Kentucky lawyer arrested in Honduras


Eric Conn, who, until December 2, was one of the FBI's most wanted fugitives is back home in Kentucky.

Honduran authorities have captured a fugitive U.S. lawyer who was on America's most wanted list.

At a news conference earlier Tuesday announcing the arrest, Amy Hess, the Special Agent in Charge of Louisville's FBI Field Office, reminded reporters of her earlier vow to work with local, state, federal and global investigators to bring Conn back to the Bluegrass State.

A lawyer has reportedly been captured in Honduras after fleeing the United States to avoid sentencing for bribing an administrative law judge to obligate the government to pay more than $550 million in lifetime disability payments.

Police reportedly learned of Conn's location after he connected to the restaurant's wi-fi.

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Eric Conn was captured by a SWAT team as he came out of a restaurant in the coastal city of La Ceiba, the Honduras public magistrate's office said Monday, crediting "arduous intelligence, surveillance and tailing by the agents".

"We implored him to cooperate", she said.

Conn was placed under house arrest after pleading guilty in March to social security fraud.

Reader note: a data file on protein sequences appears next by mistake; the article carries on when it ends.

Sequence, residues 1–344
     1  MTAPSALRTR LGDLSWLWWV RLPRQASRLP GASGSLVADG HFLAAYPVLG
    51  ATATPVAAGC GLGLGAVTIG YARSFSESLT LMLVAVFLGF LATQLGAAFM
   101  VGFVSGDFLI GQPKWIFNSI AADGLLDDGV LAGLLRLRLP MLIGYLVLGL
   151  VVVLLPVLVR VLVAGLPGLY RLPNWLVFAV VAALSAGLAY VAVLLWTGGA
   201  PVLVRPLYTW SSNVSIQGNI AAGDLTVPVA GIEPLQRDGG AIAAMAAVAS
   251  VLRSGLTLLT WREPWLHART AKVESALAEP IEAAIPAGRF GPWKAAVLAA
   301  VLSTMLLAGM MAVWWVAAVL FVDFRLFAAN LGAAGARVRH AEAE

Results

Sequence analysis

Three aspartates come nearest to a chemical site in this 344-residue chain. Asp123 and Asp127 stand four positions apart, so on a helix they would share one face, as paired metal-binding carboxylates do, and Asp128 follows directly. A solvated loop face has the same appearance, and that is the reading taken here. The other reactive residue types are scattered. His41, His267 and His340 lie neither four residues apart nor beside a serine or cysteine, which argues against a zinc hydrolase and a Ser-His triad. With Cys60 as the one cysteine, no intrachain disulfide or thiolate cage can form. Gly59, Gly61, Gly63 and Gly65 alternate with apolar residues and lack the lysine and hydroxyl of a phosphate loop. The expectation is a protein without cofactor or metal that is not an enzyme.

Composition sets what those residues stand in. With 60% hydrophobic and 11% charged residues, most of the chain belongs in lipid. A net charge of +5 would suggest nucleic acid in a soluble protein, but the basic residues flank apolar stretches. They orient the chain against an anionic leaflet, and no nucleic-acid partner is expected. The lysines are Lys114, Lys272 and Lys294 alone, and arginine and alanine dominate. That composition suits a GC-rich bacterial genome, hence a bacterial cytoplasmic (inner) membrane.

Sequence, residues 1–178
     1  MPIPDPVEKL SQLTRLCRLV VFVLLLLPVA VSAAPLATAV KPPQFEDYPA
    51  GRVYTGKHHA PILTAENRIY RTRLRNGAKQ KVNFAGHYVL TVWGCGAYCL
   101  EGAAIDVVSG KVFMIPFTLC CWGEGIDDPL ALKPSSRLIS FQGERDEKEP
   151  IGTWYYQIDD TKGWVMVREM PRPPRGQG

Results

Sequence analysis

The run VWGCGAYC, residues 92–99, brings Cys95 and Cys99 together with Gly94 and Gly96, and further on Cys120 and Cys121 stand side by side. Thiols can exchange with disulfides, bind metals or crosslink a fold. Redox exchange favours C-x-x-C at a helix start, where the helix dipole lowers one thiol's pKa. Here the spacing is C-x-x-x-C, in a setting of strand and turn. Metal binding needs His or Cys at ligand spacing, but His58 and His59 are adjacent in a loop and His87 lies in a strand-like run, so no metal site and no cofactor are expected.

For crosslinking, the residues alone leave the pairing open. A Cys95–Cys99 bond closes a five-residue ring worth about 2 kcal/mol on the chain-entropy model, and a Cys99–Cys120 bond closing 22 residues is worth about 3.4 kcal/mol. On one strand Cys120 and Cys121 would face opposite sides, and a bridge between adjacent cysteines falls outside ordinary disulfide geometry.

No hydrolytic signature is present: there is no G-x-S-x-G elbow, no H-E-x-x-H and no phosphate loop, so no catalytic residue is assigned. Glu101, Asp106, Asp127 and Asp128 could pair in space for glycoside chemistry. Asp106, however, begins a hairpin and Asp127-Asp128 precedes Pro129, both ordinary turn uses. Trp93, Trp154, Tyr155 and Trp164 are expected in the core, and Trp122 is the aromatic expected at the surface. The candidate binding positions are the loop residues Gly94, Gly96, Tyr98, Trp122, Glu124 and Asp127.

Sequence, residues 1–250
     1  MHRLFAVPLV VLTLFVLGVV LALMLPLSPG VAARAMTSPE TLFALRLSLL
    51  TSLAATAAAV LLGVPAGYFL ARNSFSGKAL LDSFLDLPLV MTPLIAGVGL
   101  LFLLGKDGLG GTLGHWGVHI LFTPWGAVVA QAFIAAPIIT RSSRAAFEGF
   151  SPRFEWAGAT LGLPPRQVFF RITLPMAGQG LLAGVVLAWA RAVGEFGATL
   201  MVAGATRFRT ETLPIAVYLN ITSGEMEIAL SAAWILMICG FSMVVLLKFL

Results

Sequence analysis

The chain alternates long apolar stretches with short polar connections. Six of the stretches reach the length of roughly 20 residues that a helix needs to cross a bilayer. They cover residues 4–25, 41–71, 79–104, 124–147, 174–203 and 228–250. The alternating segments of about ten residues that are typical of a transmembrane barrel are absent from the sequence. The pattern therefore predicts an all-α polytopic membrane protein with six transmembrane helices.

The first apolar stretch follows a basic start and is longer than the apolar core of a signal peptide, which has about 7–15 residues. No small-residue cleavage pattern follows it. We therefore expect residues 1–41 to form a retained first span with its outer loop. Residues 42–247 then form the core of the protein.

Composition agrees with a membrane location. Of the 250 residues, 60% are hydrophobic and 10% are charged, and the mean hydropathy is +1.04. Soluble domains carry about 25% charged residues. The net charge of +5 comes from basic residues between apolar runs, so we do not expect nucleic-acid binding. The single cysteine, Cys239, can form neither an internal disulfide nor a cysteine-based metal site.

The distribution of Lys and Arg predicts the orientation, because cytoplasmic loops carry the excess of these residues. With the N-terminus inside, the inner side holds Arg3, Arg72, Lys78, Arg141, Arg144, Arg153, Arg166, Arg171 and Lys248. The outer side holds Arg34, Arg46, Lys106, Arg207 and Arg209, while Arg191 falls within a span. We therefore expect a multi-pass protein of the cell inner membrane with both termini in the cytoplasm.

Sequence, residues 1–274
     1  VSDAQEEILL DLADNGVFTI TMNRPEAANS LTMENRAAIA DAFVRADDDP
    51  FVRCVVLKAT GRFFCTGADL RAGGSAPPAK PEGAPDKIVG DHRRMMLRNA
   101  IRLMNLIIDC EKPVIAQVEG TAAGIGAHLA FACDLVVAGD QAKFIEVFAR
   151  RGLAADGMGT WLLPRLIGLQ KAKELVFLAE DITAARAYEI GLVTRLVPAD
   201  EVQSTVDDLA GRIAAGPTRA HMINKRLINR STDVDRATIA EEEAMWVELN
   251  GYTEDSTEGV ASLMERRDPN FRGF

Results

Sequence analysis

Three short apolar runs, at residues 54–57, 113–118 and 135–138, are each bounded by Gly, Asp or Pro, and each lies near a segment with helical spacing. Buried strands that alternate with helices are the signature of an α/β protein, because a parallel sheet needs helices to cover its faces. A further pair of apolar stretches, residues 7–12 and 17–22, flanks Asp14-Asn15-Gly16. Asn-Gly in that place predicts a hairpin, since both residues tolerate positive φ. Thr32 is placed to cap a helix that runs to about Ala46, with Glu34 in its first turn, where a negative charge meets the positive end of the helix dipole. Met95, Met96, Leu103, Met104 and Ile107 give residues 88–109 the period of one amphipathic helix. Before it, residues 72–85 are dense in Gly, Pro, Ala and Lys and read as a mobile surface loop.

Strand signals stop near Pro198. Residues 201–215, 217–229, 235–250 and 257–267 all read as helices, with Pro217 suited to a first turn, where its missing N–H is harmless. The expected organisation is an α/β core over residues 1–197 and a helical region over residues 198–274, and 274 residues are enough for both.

The indictment said Wyatt, who had worked at Conn's Floyd County, Ky., law office, even allegedly tested security at the US border with Mexico on Conn's behalf.

Conn was a flamboyant attorney known for his billboards and TV ads across Kentucky.

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Hess told reporters Tuesday the Federal Bureau of Investigation had worked with about a dozen agencies to bring Conn to justice.

The Social Security Administration in 2015 ordered about 1,500 of Conn's former clients to prove at hearings that they deserved to continue receiving their disability checks, and hundreds were cut off.

"As I explained at the last press conference, we would bring all available resources to bear to find Mr. Conn and bring him to justice and hold him accountable for the lives he impacted and the trust he betrayed", Hess said.

Conn had been under investigation for years.

USA federal agents spent months tracking Conn, who cut off his electronic monitor and fled in June. White said they will enter a standard not guilty plea.

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